Brokaw ready to glitter again
Brokaw ready to glitter again
Posted: Thursday, December 3, 2015 11:00 pm
By Mike Marturello
Workers are scurrying to get the front entry done. Painters are completing meticulous touch-ups on the art deco details on the walls. Electricians are still wiring.
Amid all of the bustling of the various craftspeople, tradesmen and laborers, the much-anticipated reopening of The Brokaw Movie House is nearing, officials said.
The public got a sneak preview of the renovation and addition that cost hundreds of thousands of dollars Nov. 27. That’s when The Brokaw opened its doors for Santa and Mrs. Claus when they had their first visit to it in Angola.
It is expected the theater will open for business sometime in December.
“At this point, knowing how construction can be delayed at any moment, I’m only comfortable with saying that we will open in mid- to late December,” said Marla Schneider, business development manager for the Brokaw’s parent company, Fort Wayne Metals.
On a tour of the facility last week, Schneider and Shannon Carpenter, Brokaw manager, pointed out the many new amenities and major upgrades of the facility, which has been a downtown Angola fixture since 1931.
Owners Scott and Melissa Glaze of Fort Wayne have worked with their crew to make sure the iconic art deco facility remains true to its character and then some.
“The way that Scott and Melissa Glaze, the owners, operate all their businesses is to offer a high-quality experience. They just don’t go in and sweep the floor (then open for business),” Schneider said.
That is apparent throughout the facility, which includes the purchase of an adjacent building to incorporate a new entrance, food service and accessibility.
The new space resembles the old in the greatest of detail. Architectural features in the old theater – particularly plaster molding, arches and lighting – have been duplicated in the new. The wall that divides the two theaters has received new architectural details so those walls match the original perimeter walls.
That meant recreating molding and columns using centuries-old technology in forming plaster. Lighting fixtures were custom-made to match what was existing in the theater. Other lighting includes restored antique fixtures.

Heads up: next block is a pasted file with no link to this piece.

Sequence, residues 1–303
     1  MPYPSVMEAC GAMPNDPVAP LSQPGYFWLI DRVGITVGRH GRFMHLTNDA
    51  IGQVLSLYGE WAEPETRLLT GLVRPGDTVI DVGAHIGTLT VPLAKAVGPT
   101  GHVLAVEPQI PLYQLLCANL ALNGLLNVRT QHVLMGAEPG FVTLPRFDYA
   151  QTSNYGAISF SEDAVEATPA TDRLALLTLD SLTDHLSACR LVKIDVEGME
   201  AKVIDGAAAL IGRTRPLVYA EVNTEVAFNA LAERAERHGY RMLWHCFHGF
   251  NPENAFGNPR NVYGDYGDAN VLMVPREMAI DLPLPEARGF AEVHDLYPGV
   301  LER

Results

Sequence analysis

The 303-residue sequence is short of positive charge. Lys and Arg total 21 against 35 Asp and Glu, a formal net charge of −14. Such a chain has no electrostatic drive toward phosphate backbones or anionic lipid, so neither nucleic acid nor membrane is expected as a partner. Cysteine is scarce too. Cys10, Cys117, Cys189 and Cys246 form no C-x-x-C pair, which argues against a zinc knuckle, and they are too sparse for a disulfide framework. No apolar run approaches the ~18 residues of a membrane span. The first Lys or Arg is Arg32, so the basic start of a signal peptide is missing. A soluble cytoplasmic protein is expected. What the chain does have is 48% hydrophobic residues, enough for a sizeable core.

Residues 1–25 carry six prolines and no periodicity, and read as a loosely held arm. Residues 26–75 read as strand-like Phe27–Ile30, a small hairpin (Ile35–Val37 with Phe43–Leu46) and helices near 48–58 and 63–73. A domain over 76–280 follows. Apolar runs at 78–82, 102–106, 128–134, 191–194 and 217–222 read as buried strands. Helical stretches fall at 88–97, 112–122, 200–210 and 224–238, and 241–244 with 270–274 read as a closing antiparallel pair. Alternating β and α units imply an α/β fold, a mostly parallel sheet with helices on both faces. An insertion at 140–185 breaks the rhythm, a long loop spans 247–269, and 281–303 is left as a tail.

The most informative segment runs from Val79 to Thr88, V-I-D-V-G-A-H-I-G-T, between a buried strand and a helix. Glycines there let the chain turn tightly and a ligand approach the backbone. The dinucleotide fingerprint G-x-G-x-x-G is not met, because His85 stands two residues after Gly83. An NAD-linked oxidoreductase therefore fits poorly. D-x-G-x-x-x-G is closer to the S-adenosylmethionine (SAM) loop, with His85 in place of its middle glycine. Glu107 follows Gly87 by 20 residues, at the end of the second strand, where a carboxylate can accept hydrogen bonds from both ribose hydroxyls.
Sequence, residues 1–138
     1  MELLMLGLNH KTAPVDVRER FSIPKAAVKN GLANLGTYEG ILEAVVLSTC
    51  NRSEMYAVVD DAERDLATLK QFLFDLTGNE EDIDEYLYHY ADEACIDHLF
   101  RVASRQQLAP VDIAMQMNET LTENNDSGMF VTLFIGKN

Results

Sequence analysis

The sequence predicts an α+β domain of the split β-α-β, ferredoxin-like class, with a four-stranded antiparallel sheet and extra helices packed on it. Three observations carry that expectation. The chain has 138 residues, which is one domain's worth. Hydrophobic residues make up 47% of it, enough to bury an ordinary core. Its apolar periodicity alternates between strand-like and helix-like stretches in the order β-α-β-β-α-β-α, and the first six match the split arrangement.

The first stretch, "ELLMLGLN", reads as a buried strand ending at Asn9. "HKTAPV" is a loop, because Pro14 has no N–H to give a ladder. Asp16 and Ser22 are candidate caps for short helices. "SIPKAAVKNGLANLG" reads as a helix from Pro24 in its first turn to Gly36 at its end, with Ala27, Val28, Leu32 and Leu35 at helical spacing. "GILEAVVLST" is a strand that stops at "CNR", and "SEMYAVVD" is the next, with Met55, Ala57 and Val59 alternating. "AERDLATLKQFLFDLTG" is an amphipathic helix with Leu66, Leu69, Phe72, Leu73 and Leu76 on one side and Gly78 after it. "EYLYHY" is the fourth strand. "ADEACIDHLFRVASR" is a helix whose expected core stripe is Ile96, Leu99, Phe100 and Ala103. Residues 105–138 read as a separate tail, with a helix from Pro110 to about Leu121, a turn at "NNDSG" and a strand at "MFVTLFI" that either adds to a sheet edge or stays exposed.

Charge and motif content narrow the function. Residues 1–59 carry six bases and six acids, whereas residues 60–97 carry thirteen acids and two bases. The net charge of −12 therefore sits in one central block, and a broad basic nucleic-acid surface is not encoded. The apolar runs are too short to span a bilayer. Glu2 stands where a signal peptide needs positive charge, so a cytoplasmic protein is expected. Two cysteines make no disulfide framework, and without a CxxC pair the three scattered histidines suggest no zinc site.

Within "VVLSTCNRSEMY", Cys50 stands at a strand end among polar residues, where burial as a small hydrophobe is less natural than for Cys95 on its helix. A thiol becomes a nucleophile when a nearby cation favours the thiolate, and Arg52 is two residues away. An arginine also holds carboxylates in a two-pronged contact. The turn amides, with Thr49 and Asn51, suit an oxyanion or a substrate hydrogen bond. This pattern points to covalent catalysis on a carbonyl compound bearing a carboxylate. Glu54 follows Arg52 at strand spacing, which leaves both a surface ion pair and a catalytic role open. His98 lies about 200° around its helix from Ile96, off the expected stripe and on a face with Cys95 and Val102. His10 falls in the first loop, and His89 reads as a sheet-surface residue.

What has changed will be the way The Brokaw operates. With a kitchen on site, the movie house offers meals along with traditional movie concessions. The original lobby is being turned into a bar. Three rows in both sides will have tables.
“If you want to enjoy your food while in the theater, you may do so,” Carpenter said.
And if people want to come in off the street and eat without viewing a movie, they are welcome to do so, Schneider said.
“We’re going to start off with a small menu and see what’s popular,” Schneider said. That will include such things as pizza, hot dogs, chicken nuggets and the like. Food will be sourced locally as much as possible. For example, the popcorn will come from Yoder Popcorn in LaGrange County.
The Brokaw will be available for special events. The Brokaw played host to an event for donors to the Steuben County Community Foundation. In April, the Steuben County Literacy Coalition will hold its Alphabet Affair at The Brokaw and will feature an Oscar night theme.
But special events will be the exception, not the rule, Schneider said.
“We will limit our special events to make sure we’re not closed to the public too many times,” Carpenter said.
With two theaters, there’s the flexibility to have a special event on one side and show movies to the public on the other.
In this case, special events guests will enter the theater through the original lobby. The new, main entrance is at 190 N. Public Square, next door to Mitchell’s Men’s Clothing & Tuxedos.
The theaters themselves have state-of-the-art digital equipment. The sound was designed on site, and new sound-deadening panels were installed on practically all surfaces.
The theater on the east side will also feature a special, private screening room that can be rented. It will include use of a kitchen and a self-serve bar. That room will be able to access the lone balcony that will be open for viewing a film. The balcony on the west side will be open only to staff.
Alcohol will be strictly controlled.
“Most nights it’s just going to be beer and wine,” Carpenter said. It will feature local craft beers and local wines, as well as domestic beer. Full bar service will be available during special events.
Inside the theaters, Schneider said, infrared cameras will enable the staff to make sure alcohol is not being passed to underage individuals. Also, the staff can keep an eye on patrons to make sure behavior doesn’t get out of hand in the back of the theaters on the couch seating.
The digital film equipment will be available to be used for corporate events.
“We can run a lot of diverse media through the system,” Carpenter said.
Each theater will have a stage that can be used during special events.
“We have one in each theater. You can’t do a play, but you can have a comedian, a speaker,” Schneider said.
Or, as with Nov. 27, Santa and Mrs. Claus.
When The Brokaw does open for business, it will show first-run movies, second runs and classics. Schneider said they envision having special-theme screenings, such as classic horror movies on Halloween. When Santa visited, classic Christmas cartoons were running.
The Brokaw most likely will run three shows a day during the week, four or five on Saturdays and two on Sundays.
“We’re anticipating our first show time will be around 3 o’clock during the week, and we’ll probably open around noon on weekends,” Carpenter said. “Again, that could change. We’ll start from there and see how it goes in the community and take it from there.”
See more of the Brokaw
A photo gallery and video with more of The Brokaw Movie House is at KPCNews.com